Miami Proud: Student scientists impacting future of space travelJacqueline Basallo
MIAMI – Fairchild Tropical Botanic Garden is a landmark in Miami with 83 acres of plants, important research work, and gorgeous views.
It is also host to a high school for aspiring scientists and a botany program that is literally out of this world.
Biotech High is a Miami-Dade County Magnet High School.
Student scientists in this program are impacting the future of space travel by growing plants that may be astronaut food.
Fairchild’s Director of Education Amy Padolf explains.
“On the International Space Station there is a garden it’s called ‘Veggie’ they have the same size, same shape, and same lighting as this particular garden. We built this to replicate what’s on there.”
Determining what will grow in zero gravity is tricky work and time-consuming- given the thousands of plant varieties.
Padolf said they partnered with NASA about seven years ago for this program Growing Beyond Earth, supplying the “army of students” here and 400 other schools around the world.
The students measure the growth of various edible plants and send a steady stream of valuable data to NASA scientists who are developing technologies for growing food crops for long-duration missions into deep space.
In its seventh year, more than 40,000 middle and high school students and their teachers nationwide have contributed hundreds of thousands of data points and tested 180 varieties of edible plants for NASA.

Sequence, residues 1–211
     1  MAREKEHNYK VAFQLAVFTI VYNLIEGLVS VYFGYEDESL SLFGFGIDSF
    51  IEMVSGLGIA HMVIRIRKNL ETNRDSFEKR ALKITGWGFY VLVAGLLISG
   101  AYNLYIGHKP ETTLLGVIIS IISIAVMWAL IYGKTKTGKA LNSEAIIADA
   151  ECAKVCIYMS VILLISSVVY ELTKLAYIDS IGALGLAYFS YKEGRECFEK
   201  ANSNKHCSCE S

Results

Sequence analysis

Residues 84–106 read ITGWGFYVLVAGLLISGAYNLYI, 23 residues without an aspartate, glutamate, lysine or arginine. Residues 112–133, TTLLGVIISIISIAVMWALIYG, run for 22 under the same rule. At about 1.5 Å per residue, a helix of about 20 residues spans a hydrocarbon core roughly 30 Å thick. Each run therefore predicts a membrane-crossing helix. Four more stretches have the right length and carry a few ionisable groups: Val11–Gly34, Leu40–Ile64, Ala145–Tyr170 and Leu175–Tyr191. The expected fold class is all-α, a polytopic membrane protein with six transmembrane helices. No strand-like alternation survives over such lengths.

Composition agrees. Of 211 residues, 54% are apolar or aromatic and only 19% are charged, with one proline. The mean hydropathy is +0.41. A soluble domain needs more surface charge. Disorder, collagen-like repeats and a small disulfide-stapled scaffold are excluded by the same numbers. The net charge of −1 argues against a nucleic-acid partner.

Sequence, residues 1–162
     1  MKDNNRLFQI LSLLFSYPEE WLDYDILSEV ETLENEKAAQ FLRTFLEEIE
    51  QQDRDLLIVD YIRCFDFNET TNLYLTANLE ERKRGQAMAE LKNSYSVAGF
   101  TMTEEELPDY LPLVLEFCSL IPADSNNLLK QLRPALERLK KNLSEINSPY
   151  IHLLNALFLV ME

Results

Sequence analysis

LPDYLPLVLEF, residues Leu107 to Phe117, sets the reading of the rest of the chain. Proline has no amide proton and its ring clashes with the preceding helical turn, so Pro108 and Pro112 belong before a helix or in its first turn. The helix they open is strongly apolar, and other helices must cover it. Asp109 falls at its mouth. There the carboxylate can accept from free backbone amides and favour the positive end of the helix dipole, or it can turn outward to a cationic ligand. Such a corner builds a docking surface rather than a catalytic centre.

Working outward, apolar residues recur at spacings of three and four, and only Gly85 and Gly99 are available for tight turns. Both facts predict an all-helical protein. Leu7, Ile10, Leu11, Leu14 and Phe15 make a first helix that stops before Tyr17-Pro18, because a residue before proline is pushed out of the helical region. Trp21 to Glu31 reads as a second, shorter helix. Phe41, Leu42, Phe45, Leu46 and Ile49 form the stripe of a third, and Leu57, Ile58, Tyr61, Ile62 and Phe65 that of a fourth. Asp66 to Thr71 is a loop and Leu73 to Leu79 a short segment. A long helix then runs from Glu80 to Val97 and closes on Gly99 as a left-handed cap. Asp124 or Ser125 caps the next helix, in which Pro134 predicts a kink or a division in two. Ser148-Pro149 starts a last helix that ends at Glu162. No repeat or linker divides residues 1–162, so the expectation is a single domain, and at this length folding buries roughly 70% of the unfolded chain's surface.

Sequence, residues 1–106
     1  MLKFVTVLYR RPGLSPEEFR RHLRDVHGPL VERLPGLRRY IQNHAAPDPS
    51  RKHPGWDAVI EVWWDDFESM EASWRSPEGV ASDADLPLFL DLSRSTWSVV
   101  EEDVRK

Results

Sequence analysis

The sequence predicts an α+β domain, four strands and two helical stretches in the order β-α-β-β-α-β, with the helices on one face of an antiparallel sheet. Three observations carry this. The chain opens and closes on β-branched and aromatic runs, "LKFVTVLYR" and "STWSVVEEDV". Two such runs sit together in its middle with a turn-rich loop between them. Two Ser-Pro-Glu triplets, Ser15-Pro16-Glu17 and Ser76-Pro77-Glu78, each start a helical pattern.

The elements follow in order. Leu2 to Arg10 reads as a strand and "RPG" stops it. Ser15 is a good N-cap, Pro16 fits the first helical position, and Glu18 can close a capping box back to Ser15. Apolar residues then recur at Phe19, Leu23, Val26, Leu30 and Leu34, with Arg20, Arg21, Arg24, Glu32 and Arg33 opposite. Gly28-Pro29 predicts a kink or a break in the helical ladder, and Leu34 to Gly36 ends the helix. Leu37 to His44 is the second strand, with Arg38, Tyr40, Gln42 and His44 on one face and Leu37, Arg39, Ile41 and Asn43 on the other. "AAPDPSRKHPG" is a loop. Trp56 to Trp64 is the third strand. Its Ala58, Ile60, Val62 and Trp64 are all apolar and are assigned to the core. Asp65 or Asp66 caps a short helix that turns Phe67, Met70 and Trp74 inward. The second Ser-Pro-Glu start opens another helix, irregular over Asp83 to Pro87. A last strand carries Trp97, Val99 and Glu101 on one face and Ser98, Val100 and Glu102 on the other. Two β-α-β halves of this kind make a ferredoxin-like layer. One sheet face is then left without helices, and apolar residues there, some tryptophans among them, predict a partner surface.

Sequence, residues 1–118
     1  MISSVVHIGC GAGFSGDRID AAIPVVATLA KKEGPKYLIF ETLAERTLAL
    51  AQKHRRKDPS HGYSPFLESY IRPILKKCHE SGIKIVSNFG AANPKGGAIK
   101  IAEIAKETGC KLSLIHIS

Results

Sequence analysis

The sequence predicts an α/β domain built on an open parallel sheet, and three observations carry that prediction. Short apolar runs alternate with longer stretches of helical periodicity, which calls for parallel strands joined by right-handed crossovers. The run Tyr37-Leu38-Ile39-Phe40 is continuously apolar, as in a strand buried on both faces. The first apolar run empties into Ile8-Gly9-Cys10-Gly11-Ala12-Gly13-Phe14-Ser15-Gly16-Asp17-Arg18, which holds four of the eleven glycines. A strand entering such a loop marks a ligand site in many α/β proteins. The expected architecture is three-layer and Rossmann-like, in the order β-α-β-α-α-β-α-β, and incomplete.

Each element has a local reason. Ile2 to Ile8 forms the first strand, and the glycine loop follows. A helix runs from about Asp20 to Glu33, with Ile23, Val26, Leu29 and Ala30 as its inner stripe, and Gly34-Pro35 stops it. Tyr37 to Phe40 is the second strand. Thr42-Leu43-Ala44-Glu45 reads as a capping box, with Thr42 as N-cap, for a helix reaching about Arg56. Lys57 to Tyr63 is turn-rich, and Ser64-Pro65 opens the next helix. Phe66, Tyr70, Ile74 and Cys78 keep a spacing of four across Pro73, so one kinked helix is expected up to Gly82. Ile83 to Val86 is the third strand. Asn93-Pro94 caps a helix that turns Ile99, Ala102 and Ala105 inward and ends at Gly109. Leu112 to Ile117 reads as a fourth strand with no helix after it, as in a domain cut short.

The plants are launched on Space X rockets up to the ISS.
Conner is a junior in the program, who always loved science and feels connected to this work.
“I feel like what I’m doing is important and impactful and I want to see the results on a bigger scale.”
The result for the students is learning to communicate their research, work in teams, and impact their future plans.
“We’ve noticed these kids become not only passionate about the environmental – we have a tremendous amount of students to come out of the studying stem fields and going into the stem fields,” Padolf said.
Fairchild Garden first opened to the public in 1938 and today hosts many education and art programs for all ages.
Biotech High is one of many public school options open to all students.
You can learn more here.
First published on December 1, 2022 / 1:43 PM
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